Knowledge Base

What is a Collar Strategy?

in Trading Strategies
Tags: collar strategy

What if a share you own suddenly goes into a free-fall? Often, shares react drastically to negative news about the company, a big example being Kingfisher or even SpiceJet. If the descent continues, it could wreak havoc on your investments.

One strategy that you can use to protect your profits is called a Collar Strategy. It uses a combination of options contracts (derivative agreements that allow an investor to buy or sell an asset at a specific strike price on a future date) to protect investor profits.

Here is a look:

What is a Collar Strategy

Collar is a hedging strategy that involves buying an asset (such as a stock, index, commodity or currency). This is followed by the purchase of a put option (i.e. option to buy) and the sale of a call option (i.e. option to sell) on it, both having the same expiry date. Both the options are out-of-money options—the strike price of the put option is lower than the market price of the asset while that of the call option is higher than the market price. Neither contract is currently making any money.

Benefits of a collar strategy

A collar strategy is generally used by an investor who expects an asset to depreciate following a strong appreciation. The Put option allows him to lock his profit by selling the asset at a specific price below its current price, if it starts depreciating. By selling the out-of-money call option, the investor grants the buyer the right to buy the asset at a higher price than its current price. Since this is unprofitable to the counterparty, he will not exercise the option. However, seller of the call receives a premium (i.e. price of the option) for it. This offsets a similar premium he would paid for buying the Put option earlier, making his hedge cost-free.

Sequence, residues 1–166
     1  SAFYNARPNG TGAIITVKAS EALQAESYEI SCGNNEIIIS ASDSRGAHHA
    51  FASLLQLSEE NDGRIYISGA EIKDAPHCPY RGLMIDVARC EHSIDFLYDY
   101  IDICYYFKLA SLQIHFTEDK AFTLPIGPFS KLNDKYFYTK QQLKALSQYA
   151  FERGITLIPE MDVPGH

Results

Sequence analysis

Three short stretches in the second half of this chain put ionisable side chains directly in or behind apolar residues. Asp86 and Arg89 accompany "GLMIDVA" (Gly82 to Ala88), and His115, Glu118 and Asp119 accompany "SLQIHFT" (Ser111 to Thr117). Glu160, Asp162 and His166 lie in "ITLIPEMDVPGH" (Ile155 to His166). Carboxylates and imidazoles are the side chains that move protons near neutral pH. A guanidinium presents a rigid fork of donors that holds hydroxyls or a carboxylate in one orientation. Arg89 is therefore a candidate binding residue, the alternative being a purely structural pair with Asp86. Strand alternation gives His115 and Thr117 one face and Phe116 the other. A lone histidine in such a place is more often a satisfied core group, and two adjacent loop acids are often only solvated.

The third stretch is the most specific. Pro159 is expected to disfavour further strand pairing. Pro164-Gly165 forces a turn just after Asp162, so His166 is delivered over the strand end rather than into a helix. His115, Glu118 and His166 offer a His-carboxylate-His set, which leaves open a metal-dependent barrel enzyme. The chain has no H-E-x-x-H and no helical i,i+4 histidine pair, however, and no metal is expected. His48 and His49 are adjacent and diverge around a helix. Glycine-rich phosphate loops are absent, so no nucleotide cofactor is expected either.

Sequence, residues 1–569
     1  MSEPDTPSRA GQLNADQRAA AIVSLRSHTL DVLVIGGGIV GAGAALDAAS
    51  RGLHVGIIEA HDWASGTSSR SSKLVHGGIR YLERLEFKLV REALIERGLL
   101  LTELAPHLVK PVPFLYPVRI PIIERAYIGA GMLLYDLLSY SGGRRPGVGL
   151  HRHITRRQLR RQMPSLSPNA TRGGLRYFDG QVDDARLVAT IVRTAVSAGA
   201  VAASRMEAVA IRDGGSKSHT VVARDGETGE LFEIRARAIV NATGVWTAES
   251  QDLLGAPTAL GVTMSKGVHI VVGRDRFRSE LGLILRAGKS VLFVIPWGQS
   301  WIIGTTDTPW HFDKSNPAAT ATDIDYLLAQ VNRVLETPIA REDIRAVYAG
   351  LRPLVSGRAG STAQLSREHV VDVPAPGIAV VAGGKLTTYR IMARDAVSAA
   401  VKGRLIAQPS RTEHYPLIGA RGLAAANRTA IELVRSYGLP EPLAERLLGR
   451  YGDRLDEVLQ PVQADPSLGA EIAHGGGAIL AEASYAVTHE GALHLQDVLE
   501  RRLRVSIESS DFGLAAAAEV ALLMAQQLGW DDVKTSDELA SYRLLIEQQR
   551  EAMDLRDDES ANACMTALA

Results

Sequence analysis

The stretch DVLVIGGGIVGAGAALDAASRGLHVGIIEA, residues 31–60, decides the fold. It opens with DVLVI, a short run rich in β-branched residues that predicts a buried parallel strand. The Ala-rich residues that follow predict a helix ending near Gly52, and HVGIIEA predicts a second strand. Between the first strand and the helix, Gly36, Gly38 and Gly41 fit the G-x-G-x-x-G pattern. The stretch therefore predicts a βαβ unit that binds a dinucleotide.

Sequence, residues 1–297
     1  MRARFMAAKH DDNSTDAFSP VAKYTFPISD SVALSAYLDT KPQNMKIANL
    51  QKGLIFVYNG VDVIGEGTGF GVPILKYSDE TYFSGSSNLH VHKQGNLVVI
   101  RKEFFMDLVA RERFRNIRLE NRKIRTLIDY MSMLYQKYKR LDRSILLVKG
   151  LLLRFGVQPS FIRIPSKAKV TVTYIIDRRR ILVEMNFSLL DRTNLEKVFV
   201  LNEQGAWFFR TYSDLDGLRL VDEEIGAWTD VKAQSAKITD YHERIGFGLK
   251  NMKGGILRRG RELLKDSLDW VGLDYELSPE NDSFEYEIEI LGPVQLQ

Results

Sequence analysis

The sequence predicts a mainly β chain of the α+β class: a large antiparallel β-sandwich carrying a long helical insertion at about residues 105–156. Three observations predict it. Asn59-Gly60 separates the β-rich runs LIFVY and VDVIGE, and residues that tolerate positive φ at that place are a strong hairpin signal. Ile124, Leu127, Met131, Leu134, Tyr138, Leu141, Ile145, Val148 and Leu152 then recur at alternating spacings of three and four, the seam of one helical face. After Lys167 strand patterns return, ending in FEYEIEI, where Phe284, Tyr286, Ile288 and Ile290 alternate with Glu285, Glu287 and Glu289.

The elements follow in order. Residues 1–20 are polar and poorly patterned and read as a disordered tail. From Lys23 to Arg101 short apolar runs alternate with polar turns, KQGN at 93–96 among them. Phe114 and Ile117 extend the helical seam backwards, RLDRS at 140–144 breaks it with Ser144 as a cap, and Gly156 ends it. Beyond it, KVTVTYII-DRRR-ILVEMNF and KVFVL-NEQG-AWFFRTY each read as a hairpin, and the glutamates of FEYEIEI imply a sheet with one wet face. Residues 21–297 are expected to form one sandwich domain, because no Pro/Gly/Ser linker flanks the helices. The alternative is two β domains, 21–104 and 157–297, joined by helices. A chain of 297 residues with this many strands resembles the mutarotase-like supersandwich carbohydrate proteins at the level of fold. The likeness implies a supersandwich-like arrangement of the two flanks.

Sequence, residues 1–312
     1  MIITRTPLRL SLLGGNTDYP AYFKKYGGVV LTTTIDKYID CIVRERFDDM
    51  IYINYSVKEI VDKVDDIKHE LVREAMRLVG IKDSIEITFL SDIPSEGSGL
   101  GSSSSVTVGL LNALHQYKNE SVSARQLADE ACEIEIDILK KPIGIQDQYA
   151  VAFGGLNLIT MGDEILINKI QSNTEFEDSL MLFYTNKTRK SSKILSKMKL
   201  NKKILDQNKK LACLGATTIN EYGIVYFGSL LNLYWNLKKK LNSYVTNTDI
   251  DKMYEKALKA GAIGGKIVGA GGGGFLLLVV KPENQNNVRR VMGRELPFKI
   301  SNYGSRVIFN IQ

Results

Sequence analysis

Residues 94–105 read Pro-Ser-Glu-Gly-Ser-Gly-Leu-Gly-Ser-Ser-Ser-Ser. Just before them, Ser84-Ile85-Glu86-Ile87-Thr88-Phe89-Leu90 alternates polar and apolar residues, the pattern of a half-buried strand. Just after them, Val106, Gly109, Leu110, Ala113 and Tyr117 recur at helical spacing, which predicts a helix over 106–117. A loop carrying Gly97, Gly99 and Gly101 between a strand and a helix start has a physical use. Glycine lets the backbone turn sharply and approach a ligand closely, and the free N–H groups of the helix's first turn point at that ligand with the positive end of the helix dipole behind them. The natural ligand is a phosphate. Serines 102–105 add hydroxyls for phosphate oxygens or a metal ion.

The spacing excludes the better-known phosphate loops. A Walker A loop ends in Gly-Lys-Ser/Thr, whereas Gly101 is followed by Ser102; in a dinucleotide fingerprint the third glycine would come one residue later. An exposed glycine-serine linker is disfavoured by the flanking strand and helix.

Working of a collar strategy

Suppose you bought 100 shares of a company at Rs 50; they are currently trading at Rs 70. To protect his profit, you will buy a put option on these shares, with a strike price of say Rs 65. Now, even if the price falls below Rs 65, you will be able to sell the shares at Rs 65. For this privilege, you will pay a hypothetical premium of Rs 5 per share. Simultaneously, you will also sell a call option on the same shares at a strike price of say Rs 90. The asset is unlikely to reach this and so the call buyer will probably not exercise it. However, you will receive a premium of say Rs 4 per share for this. Thus, you will be able to protect most of your profit by paying a net premium of just Re 1 per share (Rs 100 in all). If the stock does not fall to Rs 65, you will let the option expire and lose only the net premium amount of Rs 100.

Collar strategy vs bracket order

The Collar strategy is similar to a Bracket Order. As part of the Bracket Order, you simultaneously purchase an asset as well as place two orders to sell it—one above the purchase price (take-profit order) and another below it (stop-loss order). These assets are automatically sold when they reach one of these two prices, whichever happens first. If the asset depreciates, you loss will be limited to the stop loss, just as in a Collar.

However, the Collar strategy has an advantage of the Bracket Order. It is more cost-effective. Since premiums on the two options almost completely offset each other, the protection you get is almost free. In case of a Bracket Order, you have to pay brokerage on the underlying orders.